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  • Writer's pictureColorado Coherence Collective

Conceptualizing Trauma as Unresolved Grief

Many people associate trauma with a specific traumatic event and associate grief with bereavement, or the process of mourning the death of a loved one. While traumatic events can result in trauma and bereavement is one form of grief, Colorado Coherence Collective relies on more inclusive definitions of trauma and grief:

  1. Trauma is a physiological manifestation of unprocessed grief.

  2. Grief is an emotional response to a loss of any kind.

  3. Loss is a cognitive perception of the discrepancy between our expectations and our reality.

Our brains are constantly making predictions about the world, both conscious and unconscious, about what we anticipate, hope, or fear will happen in the future. These predictions are based on our past experiences, personal beliefs and values, and schema or worldview. When the reality of our lived experiences don’t align with our conscious or unconscious expectations, it can feel surprising, discombobulating, or even distressing. Sometimes the difference between expectations and reality is humorous (see below).

At other times, the difference between expectations and reality is significant or unexpected, which can result in feelings of anguish, an “unbearable and traumatic swirl of shock, incredulity, grief, and powerlessness” (Brown, 2021). Complex losses of intangible resources can be challenging to grieve, especially in isolation, such as:

  • Loss of trust in self, others, or the world

  • Loss of self-identity, freedom, and independence

  • Loss of control and autonomy

  • Loss of a sense of safety and security

  • Loss of positive self-concept or self-esteem

  • Loss of relationships, such as family, friends, or intimate partnerships

  • Loss of functional ability or capacity (Bordere, 2017)

Brené Brown's research has identified three foundational elements of grief: loss, longing, and feeling lost:

  1. Loss: a tangible or intangible loss, such as a death or separation, a loss of normalcy, a loss of what could be, or a loss of what we thought we knew about a person or the world.

  2. Longing: an unconscious or involuntary yearning for wholeness, understanding, meaning, or the opportunity to regain what we have lost.

  3. Feeling Lost: a sense of bewilderment or confusion that requires us to reorient every part of our physical, emotional, and social worlds. (Brown, 2021)

Many forms of grief exist. One common form of grief is Delayed Grief, or grief that is not noticed or fully experienced immediately after the loss, only becoming apparent after a period of time after the loss. Anticipatory grief is an experience of grief in response to a loss that is expected to occur in the future, such as the death of a loved one, ending of a relationship, or physical relocation to a new place or part of the world.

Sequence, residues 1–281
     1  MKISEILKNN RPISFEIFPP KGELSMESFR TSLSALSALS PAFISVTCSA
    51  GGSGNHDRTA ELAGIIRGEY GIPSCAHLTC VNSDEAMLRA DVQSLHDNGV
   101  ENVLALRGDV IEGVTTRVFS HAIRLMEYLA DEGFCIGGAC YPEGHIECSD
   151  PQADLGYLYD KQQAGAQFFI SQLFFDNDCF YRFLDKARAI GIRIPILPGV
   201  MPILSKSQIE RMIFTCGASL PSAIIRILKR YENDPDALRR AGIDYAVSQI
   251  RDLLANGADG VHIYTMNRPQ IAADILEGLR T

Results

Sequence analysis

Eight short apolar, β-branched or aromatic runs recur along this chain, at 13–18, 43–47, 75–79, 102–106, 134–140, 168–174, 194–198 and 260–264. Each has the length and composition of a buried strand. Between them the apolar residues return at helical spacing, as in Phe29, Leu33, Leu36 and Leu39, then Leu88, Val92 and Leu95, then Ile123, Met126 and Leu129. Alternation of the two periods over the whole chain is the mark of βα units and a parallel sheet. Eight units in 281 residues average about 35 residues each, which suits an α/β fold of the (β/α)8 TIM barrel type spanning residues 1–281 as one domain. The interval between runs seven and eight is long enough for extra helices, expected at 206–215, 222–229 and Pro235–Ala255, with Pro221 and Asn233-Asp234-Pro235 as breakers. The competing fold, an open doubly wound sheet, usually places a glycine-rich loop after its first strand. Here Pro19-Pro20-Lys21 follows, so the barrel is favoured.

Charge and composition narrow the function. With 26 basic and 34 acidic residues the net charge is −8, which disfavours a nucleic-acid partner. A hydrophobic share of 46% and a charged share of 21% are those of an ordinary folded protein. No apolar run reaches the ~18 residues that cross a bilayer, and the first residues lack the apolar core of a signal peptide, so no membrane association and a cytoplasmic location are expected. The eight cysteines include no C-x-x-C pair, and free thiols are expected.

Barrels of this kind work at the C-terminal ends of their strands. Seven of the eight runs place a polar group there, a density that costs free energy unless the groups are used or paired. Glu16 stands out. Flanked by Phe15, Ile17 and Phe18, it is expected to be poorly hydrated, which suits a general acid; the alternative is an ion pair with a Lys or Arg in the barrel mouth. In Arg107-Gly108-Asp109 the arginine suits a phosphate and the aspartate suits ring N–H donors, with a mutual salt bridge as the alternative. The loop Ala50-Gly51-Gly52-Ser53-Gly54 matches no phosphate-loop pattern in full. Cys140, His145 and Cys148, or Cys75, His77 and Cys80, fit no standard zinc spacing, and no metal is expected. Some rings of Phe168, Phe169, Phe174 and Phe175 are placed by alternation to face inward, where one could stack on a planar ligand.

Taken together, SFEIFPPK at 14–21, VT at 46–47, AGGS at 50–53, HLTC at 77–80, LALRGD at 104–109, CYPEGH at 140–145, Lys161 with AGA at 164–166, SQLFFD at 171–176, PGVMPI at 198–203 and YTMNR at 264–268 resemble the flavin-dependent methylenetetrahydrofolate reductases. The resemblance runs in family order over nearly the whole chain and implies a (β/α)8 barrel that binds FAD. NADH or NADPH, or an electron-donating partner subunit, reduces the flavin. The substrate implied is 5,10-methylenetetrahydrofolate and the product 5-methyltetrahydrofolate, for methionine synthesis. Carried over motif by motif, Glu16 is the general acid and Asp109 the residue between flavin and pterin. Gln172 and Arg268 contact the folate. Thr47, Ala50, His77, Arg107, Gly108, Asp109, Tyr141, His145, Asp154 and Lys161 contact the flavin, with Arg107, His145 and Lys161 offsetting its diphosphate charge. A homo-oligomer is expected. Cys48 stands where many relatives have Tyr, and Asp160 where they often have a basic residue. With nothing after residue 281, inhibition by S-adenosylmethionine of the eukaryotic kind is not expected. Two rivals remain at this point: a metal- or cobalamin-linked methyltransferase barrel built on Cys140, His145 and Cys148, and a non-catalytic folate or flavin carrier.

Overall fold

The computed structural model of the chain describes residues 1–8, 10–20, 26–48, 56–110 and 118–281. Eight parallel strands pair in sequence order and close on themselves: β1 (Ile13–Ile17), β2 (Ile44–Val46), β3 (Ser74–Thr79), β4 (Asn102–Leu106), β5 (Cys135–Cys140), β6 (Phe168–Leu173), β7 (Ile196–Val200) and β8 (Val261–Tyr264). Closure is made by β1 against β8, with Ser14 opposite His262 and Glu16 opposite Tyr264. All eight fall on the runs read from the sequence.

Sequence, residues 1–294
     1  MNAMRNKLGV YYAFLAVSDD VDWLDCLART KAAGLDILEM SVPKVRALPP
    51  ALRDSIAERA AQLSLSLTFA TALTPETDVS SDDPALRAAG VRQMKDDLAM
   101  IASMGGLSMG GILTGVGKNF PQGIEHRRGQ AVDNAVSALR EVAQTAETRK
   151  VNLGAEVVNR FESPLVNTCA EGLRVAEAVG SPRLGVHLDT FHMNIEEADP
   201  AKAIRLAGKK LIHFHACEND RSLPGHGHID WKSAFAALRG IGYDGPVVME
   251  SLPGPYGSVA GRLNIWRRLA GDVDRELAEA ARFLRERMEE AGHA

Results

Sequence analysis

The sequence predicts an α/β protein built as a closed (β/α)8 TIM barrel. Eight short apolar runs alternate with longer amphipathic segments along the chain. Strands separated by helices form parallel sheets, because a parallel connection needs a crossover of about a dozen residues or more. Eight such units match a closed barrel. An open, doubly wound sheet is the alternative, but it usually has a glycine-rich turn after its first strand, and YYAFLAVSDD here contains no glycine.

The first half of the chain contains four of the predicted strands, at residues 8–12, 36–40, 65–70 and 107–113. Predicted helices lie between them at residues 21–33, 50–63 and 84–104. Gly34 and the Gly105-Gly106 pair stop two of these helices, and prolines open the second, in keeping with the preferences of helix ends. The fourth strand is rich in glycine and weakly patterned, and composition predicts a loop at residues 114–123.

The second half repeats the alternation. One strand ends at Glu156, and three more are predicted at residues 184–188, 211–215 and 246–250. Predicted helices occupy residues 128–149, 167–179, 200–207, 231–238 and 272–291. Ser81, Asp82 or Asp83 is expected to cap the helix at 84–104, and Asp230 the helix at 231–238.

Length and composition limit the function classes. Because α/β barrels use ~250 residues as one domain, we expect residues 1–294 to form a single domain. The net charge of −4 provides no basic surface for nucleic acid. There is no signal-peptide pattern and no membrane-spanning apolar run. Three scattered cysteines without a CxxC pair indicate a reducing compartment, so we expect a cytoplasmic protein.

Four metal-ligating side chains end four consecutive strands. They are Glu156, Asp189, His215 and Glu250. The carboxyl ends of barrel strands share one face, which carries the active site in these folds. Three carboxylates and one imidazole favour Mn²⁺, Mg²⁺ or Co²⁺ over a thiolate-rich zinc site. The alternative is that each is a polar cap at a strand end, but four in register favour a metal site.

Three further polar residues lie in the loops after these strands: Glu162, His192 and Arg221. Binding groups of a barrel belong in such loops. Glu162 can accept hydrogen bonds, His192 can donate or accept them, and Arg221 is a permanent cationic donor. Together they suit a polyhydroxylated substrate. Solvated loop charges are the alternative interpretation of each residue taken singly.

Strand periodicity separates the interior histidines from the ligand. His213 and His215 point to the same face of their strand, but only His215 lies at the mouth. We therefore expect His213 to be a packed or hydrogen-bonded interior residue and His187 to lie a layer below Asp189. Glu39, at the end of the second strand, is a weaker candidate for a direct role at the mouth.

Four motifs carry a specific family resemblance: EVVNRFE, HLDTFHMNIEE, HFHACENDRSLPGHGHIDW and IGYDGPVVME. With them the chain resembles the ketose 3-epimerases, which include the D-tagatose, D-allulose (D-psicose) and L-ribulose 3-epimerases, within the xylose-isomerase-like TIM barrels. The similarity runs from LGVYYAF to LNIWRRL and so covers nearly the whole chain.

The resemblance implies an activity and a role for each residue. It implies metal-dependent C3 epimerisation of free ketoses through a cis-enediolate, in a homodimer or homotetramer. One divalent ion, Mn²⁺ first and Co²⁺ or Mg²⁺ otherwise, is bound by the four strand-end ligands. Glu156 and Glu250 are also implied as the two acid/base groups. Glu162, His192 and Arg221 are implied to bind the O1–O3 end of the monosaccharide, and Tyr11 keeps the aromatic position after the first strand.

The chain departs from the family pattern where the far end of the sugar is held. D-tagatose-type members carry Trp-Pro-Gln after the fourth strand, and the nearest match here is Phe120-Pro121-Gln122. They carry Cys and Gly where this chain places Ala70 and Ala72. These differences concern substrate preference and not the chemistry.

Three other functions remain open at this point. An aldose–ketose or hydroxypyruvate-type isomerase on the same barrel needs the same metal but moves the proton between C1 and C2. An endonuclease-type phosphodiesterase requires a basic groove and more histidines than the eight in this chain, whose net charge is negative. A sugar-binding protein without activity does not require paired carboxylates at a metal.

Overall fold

Our grief journey is impacted by our social context or environment: urgency, scarcity, unpredictability, and societal expectations often impact the progression of an individual or communal grief journey. These limitations are imposed and perpetuated by individuals, communities, and systems, which often leads to the disenfranchisement and suffocation of grief.

  • Grief is disenfranchised when it is “...not openly acknowledged or publicly supported through mourning practices or rituals because the experience is not valued or counted as a loss” by normative society. (Boudere, 2017)

    • Example: when loved ones ask survivors of violence “why aren’t you over that by now?” or our employers don’t offer personal leave for the specific type of event we are grieving.

  • Grief is suffocated when it is penalized, punished, devalued, misinterpreted, or misdiagnosed. (Boudere, 2017)

    • Example: when an adult is imprisoned or a child is expelled for behavioral manifestations of grief, or a person is labeled with a DSM “disorder” characterizing their adaptive grief response as dysfunctional.

Over time, unprocessed grief can compound and evolve into a trauma response due to entropy, or a lack of order and predictability within the social context that gradually leads to dis-stress and dis-ease (Antonovsky, 1979). These symptoms and behaviors are often labeled by the medical model as maladaptive mental health “dis-orders'' or medical anomalies, rather than natural adaptive responses to entropy or suffocated and disenfranchised grief. To process unresolved grief, we must “reaffirm or reconstruct a world of meaning that has been challenged by loss” (Neimeyer, 2019), a process that is most effective when it occurs within a safe and supportive community.

Colorado Coherence Collective offers Radically Open Support Groups specifically designed to serve members of communities that often experience disenfranchised or suffocated grief:

  • Neurodivergent activists or those with learning differences, as well as their caregivers and families.

  • Members of the chronically ill, disabled, and immunocompromised community.

  • Survivors of interpersonal, intimate partner, domestic, or community violence.

In our groups, we will support one another as we progress along our healing and grieving journeys by challenging disempowering beliefs, adopting new paradigms and perspectives, and developing values-aligned habits and lifestyles that allow us to access an embodied sense of safety, compassion, competence, authentic social connection, and belonging.

Contact us today to schedule a Free Initial Consultation to chat about your needs.



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